Whether you’re drafting your marketing strategy for 2021, preparing to launch a new product or feature, or mapping your customer journey, workshops with the right people on the team are a vital step in the process.
Meeting online has its limitations, though. Workshops often include physical items like cards/post-its, writing on a whiteboard, or working in smaller subgroups on specific elements. Luckily, most of it is now possible using video conferencing software and the screen sharing feature.
And this brings me to the latest addition to the ClickMeeting platform that I’m excited to share (coming soon) – breakout rooms:
Each online meeting can be divided into 20 breakout rooms.
Each breakout room can accommodate 25 people who can see and hear each other, collaborate, and exchange ideas.
You can do the introduction in the main room and then assign attendees to individual rooms to work on their part in smaller groups. Then go back to the main room to exchange your findings and conclusions.
One-on-one meetings with team members
If you manage a team, it’s essential to keep in touch with individual team members. Don’t stop at monitoring the tasks in project management tools but set up some time to have an honest conversation.
Let them know what’s ahead, celebrate success, and talk about things to improve. It’s especially important now to monitor their wellbeing. Do they need something to be able to complete their work (and what is it)? Are they comfortable with the workload given that they might have their spouses or kids at home?
Research shows remote employees value check-ins from their managers. It’s easier to feel accountable and engaged when you’re aware of your manager’s full support.
Knowledge sharing sessions
Organize online training sessions or brown bag meetings to keep the exchange of knowledge flowing. It might be a challenge when people don’t have instant access to one another.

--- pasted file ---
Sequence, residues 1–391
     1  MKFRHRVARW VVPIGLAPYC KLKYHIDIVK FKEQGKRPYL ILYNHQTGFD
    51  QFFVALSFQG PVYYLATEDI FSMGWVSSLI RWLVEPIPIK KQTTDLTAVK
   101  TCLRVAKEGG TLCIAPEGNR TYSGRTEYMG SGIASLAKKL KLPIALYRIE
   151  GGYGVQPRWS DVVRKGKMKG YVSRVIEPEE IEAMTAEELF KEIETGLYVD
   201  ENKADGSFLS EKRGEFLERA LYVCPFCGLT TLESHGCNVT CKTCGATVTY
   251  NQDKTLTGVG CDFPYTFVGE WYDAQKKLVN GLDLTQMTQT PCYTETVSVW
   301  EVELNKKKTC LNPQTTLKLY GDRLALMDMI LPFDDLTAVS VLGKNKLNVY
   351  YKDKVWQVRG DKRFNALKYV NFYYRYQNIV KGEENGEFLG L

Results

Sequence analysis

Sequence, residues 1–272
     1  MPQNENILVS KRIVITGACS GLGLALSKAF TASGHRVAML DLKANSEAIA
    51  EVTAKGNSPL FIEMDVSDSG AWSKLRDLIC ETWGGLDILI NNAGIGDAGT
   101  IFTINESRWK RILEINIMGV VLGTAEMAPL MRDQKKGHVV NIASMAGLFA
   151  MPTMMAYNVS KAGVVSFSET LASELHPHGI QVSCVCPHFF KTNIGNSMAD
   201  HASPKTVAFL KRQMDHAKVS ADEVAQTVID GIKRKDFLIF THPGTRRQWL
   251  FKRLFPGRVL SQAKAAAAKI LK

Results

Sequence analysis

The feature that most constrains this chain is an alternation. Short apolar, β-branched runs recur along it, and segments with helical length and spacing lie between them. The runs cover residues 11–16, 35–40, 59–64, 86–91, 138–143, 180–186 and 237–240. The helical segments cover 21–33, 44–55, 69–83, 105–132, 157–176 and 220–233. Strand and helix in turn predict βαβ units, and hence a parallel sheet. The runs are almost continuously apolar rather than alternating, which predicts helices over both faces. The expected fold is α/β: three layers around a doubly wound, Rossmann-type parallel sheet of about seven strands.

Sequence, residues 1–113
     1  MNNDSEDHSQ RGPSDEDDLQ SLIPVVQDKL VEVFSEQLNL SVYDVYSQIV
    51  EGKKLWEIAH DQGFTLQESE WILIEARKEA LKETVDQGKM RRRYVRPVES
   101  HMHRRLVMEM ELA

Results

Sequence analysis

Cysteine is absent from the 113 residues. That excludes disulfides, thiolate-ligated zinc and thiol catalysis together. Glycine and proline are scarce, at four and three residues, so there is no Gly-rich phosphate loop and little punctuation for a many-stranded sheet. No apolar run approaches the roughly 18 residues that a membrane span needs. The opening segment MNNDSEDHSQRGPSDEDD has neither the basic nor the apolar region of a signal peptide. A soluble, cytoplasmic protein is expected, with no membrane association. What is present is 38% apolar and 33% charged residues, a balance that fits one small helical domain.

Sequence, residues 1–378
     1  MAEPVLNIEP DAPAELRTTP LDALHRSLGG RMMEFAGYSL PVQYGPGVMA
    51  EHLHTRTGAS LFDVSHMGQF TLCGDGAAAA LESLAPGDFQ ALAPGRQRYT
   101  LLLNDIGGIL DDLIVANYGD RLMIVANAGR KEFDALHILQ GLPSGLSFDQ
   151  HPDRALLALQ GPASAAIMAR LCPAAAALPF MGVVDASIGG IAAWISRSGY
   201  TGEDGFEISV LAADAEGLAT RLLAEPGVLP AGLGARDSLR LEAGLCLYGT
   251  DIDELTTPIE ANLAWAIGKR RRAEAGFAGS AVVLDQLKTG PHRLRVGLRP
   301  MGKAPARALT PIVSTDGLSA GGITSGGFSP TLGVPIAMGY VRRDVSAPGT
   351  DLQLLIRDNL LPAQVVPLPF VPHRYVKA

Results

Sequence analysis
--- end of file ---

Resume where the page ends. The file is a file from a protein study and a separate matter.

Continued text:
These can either be structured training sessions, webinars, or workshops with a shared presentation or more informal meetings centered around a topic where participants share their experience freely.
Whatever the format, don’t skip them, especially if you’ve organized them back when everyone was working at your office.
Scheduled social breaks online
Since your team can’t physically meet for coffee or pizza in the office canteen, make time for some socializing and team building online. Agree to have lunch together, e.g., once a week or twice a month. Being able to talk to each other while seeing each other without the constraints of a formal meeting will help strengthen team bonds and ease up some tension.
Don’t meet too much, though. People, especially now, need time away from their screens. So rather than topping their online meeting list with new meetups and sessions, opt for an informal meeting every once in a while. Give them the freedom to hang around and talk about anything but don’t force them to strain their already challenged attention spans.
Meeting online is essential for keeping up the team spirit and building and maintaining connections – as long as it’s within your team’s capacity. So, when planning your week, don’t forget to make room for other activities and task completion.
Consider the fact that remote work has meant longer working hours for many employees, so it’s important to plan and schedule meetings wisely. Otherwise, we’re all inevitably risking a productivity drop sooner or later.
Got your own proven tips to run productive team meetings online? Share them in the comments.